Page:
This document, created in 2008 in response to the closure of Molokai Ranch, attempts to answer the question, “What does the community want?” This document pulled from numerous planning documents created over 30 years. It offers a Molokai-produced vision of its economic and social future in the areas of culture, education, agriculture, environment, subsistence, tourism and governance.

“This process involves everyone and cannot be divided along racial lines,” Akutagawa said. “What we’re trying to seek is a balance, using these documents as a starting point.”

After Akutagawa spoke, each individual moku leader addressed the room to encourage participation in the meetings.

Rough seas and rough start to Maui basketball trip

The Molokai High School boys basketball team warms up before one of its Lahaina games. Photo by Rick Schonely.


By Ke’van Dudoit

The Molokai boys basketball team experienced perhaps the worst boat ride ever from Molokai to Maui and still battled tough with Campbell High School Monday night at the King Kekaulike Gymnasium. But it was not enough as Campbell defeated Molokai 48-37.

Molokai woke up early Tuesday morning and made the drive from the Maui High gym to the Lahaina Civic Center for the third annual Lahainaluna Winter Invitational Basketball Tournament. First up, a game against the Sabers from Maui High School.

In the first half, it didn’t look like a lack of sleep took a toll on the boys from Molokai. The Farmers hung with the Sabers, trailing at the end of the first quarter 14-12, then coming back in the second quarter to take a 27-24 halftime lead.

After 16 minutes of play, the Farmers began to look tired on defense. Players committed turnovers and missed baskets but still battled tough. Unfortunately, it wasn’t enough. Maui High outscored the Farmers 36-20 points in the second half to win the game 60-47.

For Molokai, Paka Adolpho led the way with 17 points, while Brahunson Ka’ai and Edizon Ringor added 11 points each.

“The kids played hard, I mean they had a rough boat ride, an early morning drive and they played two games in 12 hours,” said assistant coach Rick Schonely. “I am proud that they came out and battled with the Sabers, but unfortunately they became tired in the second half” Schonely added.

The Farmers will now face the tough Bears from Baldwin High School today at 9:30 a.m. at the Lahaina Civic Center. “We will be back tomorrow, ready to play our game, that’s what preseason is about; working on your game and giving the kids a chance to play” Schonely added.

Update

Molokai boys suffer third straight loss

The Molokai boys basketball team came back to the Lahaina Civic Center this morning looking for a victory. But standing in its way was MIL Division I Powerhouse Baldwin.

Molokai trailed 6-4 at the end of an ugly first quarter, a quarter that had many turnovers and missed baskets. Baldwin went on an 18-10 second quarter scoring run to lead 24-14 at halftime.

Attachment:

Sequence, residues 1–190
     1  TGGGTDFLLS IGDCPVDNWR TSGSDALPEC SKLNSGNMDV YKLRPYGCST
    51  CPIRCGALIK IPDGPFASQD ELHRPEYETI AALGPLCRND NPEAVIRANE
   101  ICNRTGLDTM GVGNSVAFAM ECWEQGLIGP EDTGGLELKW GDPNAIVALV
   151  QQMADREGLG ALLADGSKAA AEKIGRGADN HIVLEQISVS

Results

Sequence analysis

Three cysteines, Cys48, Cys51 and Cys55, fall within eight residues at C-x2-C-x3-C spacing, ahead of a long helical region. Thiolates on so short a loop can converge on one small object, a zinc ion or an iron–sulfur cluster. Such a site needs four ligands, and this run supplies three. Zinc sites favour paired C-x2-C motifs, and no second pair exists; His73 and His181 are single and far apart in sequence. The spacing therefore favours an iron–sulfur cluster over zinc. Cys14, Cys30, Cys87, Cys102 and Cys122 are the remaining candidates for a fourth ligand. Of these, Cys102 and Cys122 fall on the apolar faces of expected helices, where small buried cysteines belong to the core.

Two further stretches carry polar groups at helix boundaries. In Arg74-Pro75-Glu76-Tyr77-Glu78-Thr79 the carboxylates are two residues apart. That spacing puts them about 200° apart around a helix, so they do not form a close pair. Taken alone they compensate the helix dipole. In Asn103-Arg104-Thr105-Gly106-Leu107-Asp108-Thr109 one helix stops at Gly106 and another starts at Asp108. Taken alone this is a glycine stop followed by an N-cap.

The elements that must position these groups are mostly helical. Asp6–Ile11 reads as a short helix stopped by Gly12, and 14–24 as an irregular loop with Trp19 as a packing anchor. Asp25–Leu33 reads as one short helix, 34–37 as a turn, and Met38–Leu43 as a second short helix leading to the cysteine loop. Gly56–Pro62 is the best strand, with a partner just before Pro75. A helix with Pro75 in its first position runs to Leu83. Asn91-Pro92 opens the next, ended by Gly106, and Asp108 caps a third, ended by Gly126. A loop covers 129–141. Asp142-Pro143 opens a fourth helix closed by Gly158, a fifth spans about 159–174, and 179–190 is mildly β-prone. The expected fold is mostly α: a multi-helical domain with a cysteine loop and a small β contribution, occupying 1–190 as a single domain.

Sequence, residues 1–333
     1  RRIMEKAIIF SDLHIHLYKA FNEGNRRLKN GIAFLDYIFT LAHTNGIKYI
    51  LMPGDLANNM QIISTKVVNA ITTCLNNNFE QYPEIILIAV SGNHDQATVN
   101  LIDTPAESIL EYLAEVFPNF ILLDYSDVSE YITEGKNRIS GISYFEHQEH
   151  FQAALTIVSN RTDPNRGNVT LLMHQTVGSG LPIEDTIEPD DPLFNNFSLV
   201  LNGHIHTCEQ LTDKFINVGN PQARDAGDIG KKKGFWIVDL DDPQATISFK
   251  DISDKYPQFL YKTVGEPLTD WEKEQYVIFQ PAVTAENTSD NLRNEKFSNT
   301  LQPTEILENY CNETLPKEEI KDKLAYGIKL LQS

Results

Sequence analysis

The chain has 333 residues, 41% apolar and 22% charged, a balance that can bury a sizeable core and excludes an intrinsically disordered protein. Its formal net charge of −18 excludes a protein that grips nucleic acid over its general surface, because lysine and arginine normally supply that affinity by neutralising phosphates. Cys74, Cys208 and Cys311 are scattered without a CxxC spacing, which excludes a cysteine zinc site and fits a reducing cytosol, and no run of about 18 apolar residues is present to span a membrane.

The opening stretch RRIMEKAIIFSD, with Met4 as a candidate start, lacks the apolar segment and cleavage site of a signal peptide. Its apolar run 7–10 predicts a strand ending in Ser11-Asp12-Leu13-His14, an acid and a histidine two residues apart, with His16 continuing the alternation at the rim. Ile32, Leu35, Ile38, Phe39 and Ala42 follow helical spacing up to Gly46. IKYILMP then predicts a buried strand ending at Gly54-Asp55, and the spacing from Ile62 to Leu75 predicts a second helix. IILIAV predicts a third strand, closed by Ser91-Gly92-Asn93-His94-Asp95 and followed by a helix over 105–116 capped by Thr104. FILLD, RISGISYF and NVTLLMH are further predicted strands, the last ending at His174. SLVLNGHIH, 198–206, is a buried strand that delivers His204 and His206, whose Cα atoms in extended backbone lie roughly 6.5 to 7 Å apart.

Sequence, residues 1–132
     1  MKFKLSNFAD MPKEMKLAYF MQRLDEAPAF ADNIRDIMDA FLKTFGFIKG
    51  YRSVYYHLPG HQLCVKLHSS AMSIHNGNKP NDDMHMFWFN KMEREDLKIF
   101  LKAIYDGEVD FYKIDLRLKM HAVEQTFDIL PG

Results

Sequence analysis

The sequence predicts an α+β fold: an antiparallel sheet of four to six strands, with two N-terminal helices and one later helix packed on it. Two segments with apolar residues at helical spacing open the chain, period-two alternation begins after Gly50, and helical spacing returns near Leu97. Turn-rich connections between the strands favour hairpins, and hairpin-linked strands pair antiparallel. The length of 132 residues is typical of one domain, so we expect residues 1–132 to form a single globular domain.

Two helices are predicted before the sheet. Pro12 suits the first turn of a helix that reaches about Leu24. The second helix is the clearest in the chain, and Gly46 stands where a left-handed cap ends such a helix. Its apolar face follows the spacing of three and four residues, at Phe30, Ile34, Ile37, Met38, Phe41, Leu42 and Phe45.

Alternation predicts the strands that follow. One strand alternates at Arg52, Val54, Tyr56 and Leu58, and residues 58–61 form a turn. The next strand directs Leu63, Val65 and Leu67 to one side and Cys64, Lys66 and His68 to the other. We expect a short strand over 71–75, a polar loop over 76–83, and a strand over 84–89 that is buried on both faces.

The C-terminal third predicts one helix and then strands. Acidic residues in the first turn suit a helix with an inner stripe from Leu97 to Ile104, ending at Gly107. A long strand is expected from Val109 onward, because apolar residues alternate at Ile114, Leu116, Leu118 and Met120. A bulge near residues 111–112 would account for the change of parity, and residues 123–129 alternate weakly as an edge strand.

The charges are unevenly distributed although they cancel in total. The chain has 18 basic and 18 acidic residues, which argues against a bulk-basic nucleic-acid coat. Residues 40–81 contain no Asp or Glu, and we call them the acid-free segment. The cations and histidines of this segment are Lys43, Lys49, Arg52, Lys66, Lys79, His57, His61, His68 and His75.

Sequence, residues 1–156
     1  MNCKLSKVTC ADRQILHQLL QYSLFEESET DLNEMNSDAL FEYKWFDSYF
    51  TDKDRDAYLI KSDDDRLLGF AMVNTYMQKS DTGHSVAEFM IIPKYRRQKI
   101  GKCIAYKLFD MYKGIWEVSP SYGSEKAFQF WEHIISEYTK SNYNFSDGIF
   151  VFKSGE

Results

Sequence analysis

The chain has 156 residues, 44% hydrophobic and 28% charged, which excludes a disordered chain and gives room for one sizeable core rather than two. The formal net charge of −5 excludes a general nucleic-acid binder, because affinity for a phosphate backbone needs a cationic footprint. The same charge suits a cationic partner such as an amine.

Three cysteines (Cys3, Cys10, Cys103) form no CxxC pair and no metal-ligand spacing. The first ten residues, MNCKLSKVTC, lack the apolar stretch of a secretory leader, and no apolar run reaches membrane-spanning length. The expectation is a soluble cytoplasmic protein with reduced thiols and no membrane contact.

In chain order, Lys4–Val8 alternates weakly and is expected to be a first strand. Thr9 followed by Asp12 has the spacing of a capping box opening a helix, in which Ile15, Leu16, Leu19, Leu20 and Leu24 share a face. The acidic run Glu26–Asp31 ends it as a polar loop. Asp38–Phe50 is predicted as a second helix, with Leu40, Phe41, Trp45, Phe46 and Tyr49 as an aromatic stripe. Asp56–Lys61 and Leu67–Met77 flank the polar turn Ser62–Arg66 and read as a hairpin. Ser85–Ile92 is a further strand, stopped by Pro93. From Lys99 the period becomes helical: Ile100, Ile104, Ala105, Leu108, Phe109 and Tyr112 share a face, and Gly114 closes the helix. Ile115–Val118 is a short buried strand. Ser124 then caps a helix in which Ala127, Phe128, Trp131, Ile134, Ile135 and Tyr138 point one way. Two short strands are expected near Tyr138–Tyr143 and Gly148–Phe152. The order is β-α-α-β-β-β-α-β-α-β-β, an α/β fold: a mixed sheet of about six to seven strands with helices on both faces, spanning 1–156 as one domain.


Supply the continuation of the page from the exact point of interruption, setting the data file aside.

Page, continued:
The Bears never looked back, outscoring the Farmers 43-15 in the second half to win the game 67-29.

Assistant Coach Rick Schonely said he admires his player’s progress during preseason. “It’s a learning experience, the kids get a chance to play really good teams, which will help us to prepare for our MIL Division II season,” Coach Schonely added.

Edizon Ringor led the way with 11 points for Molokai, while Brahunson Ka’ai added 8, and Paka Adolpho added 6 for the Farmers, who only had four players score in the entire game.

Molokai will next play two-time MIL Division I Champions Lahainaluna tomorrow at 3 p.m.

“Tomorrow’s game will put the final touches on our preparation for our season,” Schonely added.

Updated 12-23-11

Molokai boys face fourth straight loss

The Molokai boys basketball team returned to the Lahaina Civic Center Thursday to play its fourth straight game in four days; this time against tournament host and two-time defending MIL Division I champions Lahainaluna.

Unfortunately, it was a game that got off to slow start for the Farmers, making a comeback at the end pretty challenging. Lahainaluna led 49-14 at the end of the third quarter, but with positive coaches and players, the Farmers continued to play hard. It really showed in the fourth quarter with Molokai outscoring Lahainaluna 18-11 before losing by a final score of 60-32.

“Lahainaluna is a really good team that pressured our team, which helps us to prepare for the regular season,” said Assistant Coach Rick Schonely.

The Farmers return home today after a long week on Maui. They will get back to work after taking a couple days off to recuperate.

“We know what we need to work on to prepare us for the season, and it’s all because of the preseason trips to Kauai and Maui” Schonely added.

Molokai will play against alumni teams next week Wednesday and Thursday, which will add on to their MIL season preparation. St. Anthony, Lanai and Seabury join Molokai in the four-team league this year. The Farmers open the MIL Division II regular season on Jan. 20 and 21 at the War Memorial Gymnasium on Maui.